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Why China is investing billions in rural broadband

Why China is investing billions in rural broadband
2015-11-162015-11-24emerging marketsen
China has the world’s largest online population – and the government is not satisfied. It believes that investing in broadband infrastructure could help lift tens of millions of rural Chinese into the middle classes.
Published November 16, 2015 by Steve Harris in emerging markets

China has the world’s largest online population – and the government is not satisfied. It believes that investing in broadband infrastructure could help lift tens of millions of rural Chinese into the middle classes.

By the end of 2014 there were 642 million internet users in China, around 22 percent of the world’s total users and more than the next three countries, United States, India and Japan, combined.

That said though, China still also has a pretty significant digital divide. The rise of a moneyed middle class with ever-growing disposable income has contrasted with an internet penetration rate of just 47.9 percent in 2014 - with connectivity particularly low in smaller cities and rural areas.

In 2013 China’s State Council announced a new national broadband plan aimed at bridging this digital divide. That initiative has now been backed by the news that the country plans to invest $22 billion on improving its rural broadband connectivity, targeting 50,000 villages around the country. It is a logical next step forward, since narrowing the digital divide between urban China and its rural outposts is a key priority of the Chinese government's broadband and economic expansion plans.

Expanding coverage, increasing opportunities

The eventual goal of the investment in rural broadband is to extend higher quality connectivity to an additional 30 million rural households by 2020, and the national council has also targeted giving 98 percent of China’s rural population internet access by then.

While China’s major cities and urban localities have already enjoyed the benefits that high speed connectivity can bring, bringing rural communities inside the tent has taken some time. The $22 billion investment in strengthening rural telecom services is intended to help attract external and internal investment as well as power commercial and social development of the areas.

A further goal is to help grow e-commerce in rural locations, increasing competition throughout the country and having knock-on effects like helping local farmers, for example. Another element of the project is to trial e-commerce village projects in poorer parts of the country, pilot initiatives designed to bring ‘smart city’ style benefits to rural towns and villages.

Addressing a growing demographic

There is a symbiotic relationship at play. As China’s middle classes and urban areas have grown in wealth and sophistication, so the knock-on effect to citizens in rural areas has created increased expectation levels. Citizens in rural parts of china now have higher expectations in terms of wage increases than their urban counterparts. They too want to be consumers – which in turn creates demand and commercial opportunities.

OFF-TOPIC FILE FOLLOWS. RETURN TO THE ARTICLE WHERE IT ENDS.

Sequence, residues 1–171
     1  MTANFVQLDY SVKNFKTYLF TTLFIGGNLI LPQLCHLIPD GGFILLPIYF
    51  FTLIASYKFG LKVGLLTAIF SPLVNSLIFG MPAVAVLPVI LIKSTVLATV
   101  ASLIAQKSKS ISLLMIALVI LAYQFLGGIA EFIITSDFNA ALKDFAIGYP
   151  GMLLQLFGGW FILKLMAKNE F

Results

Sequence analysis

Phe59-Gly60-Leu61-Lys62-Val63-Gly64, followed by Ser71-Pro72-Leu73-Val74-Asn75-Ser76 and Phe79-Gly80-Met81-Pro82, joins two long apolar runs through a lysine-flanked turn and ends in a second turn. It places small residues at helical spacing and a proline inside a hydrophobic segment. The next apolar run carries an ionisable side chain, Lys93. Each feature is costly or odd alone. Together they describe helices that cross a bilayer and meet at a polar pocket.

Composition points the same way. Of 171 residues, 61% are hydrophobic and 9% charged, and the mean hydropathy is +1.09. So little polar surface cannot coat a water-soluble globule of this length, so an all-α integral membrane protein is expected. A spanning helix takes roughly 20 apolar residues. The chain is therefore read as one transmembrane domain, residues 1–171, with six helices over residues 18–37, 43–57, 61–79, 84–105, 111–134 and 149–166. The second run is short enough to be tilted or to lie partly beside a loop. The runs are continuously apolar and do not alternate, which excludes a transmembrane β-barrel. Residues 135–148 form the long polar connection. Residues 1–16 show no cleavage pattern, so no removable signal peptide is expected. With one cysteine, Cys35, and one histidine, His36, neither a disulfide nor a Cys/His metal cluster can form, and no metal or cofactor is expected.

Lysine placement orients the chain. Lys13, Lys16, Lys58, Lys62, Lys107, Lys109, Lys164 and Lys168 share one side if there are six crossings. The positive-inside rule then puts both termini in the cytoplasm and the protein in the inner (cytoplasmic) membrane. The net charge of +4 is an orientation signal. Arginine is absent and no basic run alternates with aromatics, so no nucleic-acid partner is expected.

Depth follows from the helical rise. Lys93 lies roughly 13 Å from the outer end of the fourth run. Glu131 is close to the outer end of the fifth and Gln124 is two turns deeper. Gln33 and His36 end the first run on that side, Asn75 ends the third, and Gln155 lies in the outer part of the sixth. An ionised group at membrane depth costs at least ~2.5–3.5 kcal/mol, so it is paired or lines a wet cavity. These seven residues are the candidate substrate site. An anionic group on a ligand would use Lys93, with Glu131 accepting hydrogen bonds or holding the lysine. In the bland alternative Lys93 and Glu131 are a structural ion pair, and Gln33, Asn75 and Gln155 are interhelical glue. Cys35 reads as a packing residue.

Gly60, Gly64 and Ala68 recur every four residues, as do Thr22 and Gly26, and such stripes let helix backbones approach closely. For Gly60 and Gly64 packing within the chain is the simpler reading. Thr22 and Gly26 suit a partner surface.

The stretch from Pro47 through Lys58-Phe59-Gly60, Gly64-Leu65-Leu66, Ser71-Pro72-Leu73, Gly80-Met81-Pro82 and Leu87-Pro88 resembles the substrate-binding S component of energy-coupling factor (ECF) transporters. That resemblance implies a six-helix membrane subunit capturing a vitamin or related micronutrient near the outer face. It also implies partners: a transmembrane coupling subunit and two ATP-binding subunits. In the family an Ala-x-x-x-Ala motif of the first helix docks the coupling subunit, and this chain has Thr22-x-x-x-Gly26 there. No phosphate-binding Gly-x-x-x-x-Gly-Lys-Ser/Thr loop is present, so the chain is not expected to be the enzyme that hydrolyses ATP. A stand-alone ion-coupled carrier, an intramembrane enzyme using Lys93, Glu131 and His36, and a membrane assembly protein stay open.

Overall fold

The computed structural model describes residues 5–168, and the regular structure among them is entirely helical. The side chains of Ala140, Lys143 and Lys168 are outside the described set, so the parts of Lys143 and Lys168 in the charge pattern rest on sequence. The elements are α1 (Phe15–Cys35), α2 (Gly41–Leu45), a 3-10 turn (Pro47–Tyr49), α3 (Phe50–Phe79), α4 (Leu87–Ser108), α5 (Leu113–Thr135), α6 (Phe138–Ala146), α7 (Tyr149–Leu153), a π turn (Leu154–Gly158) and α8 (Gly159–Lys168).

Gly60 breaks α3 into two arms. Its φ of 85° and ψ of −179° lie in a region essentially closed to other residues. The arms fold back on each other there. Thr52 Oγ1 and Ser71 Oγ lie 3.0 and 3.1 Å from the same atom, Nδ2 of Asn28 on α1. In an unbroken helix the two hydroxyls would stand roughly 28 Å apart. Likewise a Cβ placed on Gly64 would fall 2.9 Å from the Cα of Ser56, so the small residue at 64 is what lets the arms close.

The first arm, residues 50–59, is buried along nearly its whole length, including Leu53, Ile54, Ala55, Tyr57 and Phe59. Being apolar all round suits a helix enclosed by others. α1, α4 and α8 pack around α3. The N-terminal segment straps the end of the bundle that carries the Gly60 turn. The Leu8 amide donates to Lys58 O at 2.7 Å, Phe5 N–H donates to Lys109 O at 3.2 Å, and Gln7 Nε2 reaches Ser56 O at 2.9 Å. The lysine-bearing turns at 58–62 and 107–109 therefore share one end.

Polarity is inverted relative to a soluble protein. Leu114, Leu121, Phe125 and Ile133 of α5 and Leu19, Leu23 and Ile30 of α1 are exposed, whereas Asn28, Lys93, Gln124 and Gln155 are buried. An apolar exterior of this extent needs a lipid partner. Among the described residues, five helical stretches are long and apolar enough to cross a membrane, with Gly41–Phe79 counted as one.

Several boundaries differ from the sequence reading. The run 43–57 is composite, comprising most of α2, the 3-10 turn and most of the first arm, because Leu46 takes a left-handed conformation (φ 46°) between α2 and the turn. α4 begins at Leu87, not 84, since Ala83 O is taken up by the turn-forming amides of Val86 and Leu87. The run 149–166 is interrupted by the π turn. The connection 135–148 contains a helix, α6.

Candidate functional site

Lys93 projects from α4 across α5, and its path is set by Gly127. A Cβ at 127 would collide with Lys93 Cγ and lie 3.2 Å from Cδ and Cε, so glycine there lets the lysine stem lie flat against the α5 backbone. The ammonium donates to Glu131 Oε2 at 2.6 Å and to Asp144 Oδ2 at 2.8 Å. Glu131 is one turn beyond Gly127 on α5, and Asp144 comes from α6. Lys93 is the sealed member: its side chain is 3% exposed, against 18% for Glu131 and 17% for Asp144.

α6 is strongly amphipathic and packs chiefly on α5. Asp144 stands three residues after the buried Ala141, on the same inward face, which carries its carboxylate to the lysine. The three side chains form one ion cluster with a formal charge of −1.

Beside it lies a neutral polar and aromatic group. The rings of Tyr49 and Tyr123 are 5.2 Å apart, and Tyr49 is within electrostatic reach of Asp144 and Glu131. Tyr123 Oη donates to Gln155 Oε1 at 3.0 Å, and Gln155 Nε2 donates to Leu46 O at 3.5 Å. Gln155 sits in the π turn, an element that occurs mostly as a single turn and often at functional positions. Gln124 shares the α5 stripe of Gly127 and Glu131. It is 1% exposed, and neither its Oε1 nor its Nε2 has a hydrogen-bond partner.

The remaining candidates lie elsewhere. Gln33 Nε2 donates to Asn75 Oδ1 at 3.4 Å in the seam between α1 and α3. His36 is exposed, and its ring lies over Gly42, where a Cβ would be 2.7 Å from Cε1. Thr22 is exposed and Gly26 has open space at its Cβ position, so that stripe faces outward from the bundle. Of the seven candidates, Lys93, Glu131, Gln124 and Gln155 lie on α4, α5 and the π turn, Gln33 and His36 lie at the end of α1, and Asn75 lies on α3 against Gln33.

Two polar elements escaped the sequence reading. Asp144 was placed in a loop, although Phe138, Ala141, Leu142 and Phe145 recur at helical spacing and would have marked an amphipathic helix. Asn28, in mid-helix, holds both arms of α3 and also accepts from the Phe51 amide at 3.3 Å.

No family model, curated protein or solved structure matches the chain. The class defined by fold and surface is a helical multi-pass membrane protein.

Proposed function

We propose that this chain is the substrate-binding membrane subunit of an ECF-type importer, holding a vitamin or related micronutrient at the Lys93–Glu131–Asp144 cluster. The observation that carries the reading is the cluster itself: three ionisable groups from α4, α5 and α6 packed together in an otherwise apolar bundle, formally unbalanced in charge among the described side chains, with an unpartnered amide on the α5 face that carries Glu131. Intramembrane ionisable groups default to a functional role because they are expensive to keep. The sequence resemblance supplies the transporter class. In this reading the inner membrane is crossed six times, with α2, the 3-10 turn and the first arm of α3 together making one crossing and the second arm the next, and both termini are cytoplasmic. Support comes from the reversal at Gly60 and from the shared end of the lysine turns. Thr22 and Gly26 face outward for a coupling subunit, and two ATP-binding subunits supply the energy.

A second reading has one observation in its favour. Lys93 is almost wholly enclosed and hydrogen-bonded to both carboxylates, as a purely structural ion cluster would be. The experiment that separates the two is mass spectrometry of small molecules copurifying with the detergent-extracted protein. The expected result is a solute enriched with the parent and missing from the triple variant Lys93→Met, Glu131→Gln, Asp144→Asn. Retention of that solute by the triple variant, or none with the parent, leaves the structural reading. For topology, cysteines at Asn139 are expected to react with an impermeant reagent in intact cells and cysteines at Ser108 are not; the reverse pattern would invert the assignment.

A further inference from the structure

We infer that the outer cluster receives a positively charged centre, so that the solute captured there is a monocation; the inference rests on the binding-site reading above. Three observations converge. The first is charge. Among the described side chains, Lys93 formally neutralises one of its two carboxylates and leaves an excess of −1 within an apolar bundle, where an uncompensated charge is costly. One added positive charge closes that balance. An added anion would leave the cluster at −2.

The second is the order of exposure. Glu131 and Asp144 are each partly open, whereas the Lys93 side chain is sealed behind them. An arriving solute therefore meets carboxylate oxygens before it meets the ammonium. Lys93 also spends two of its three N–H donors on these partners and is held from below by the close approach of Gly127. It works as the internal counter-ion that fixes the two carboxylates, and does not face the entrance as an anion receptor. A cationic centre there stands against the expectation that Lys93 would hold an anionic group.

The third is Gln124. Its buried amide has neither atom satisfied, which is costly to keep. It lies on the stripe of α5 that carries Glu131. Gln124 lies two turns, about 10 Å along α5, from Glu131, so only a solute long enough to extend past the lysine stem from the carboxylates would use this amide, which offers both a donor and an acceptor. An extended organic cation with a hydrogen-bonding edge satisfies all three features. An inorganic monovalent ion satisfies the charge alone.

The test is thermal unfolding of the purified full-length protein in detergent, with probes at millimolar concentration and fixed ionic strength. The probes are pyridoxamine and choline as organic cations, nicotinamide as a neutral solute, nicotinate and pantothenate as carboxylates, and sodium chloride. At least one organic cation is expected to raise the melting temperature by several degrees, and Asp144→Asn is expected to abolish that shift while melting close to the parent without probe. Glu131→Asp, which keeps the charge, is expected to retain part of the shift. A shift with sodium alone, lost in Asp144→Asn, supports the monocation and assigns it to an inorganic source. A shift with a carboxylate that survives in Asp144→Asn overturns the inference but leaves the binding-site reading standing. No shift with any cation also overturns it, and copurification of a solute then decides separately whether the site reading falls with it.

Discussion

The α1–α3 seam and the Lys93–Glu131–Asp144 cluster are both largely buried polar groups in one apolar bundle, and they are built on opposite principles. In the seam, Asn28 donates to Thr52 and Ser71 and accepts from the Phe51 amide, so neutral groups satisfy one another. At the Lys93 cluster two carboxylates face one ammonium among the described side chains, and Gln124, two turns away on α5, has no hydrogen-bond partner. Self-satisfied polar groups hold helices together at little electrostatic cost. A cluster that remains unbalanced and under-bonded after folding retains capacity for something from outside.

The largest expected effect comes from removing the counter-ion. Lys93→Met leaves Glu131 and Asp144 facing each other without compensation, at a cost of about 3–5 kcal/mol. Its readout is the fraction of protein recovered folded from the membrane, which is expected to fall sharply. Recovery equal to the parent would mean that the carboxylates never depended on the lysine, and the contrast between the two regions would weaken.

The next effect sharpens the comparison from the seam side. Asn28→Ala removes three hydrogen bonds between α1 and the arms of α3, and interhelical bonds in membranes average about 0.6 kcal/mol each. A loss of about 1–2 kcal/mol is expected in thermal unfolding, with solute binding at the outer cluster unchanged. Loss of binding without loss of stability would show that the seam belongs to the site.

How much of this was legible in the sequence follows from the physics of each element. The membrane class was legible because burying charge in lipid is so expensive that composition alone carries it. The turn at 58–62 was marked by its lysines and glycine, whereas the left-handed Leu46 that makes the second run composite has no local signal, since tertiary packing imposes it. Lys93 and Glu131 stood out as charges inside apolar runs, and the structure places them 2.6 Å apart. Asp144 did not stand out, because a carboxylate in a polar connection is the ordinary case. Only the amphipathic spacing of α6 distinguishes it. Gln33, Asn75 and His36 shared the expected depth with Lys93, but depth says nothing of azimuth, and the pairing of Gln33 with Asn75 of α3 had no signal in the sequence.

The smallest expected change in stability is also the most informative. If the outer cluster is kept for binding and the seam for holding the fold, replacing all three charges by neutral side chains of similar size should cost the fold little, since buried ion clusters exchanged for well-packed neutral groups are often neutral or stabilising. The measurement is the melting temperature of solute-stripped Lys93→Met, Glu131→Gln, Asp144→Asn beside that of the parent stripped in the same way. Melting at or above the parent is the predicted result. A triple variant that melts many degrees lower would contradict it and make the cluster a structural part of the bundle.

These commercial opportunities are a key part of the mix. Industrialization is widespread throughout Asia’s economies, and it is not solely an urban phenomenon. Companies that want to expand operations are finding what they need to look outside of major cities, with the advantages of reduced CAPEX and OPEX thrown into the pot. Rural locations offer cheaper land and labor costs, reduced congestion and a potential workforce eager to embrace next generation infrastructure and technologies. The potential is huge. Rural broadband initiatives like China’s help create a development path for remote regions, with fast broadband their connection to the wider world – creating all new economic opportunities.

Likely outcomes and benefits

The potential benefits to China’s citizens who live in remote and rural areas are numerous. High speed broadband connectivity can help them become regular consumers, able to tap into e-commerce savings currently enjoyed by their urban peers. There are potential education benefits too, with fast connectivity opening up the possibility for e-learning initiatives. Similarly healthcare opportunities can grow, with m-health and e-health suddenly options not previously available.

In economic terms, local businesses in rural locations will have increased opportunities, thanks to links with larger urban markets within China and potentially global markets too. Job growth can be positively affected, while those working in the agricultural sector – a significant number in China – have the potential to grow their businesses. Furthermore, China's investment in rural broadband could even benefit global network equipment makers, with more physical technology kit needed to support the expansion.

The investment in rural broadband in China certainly appears to be a win-win situation for all – with service providers, e-commerce companies, infrastructure providers, the Chinese government and most of all its consumers all set to benefit.

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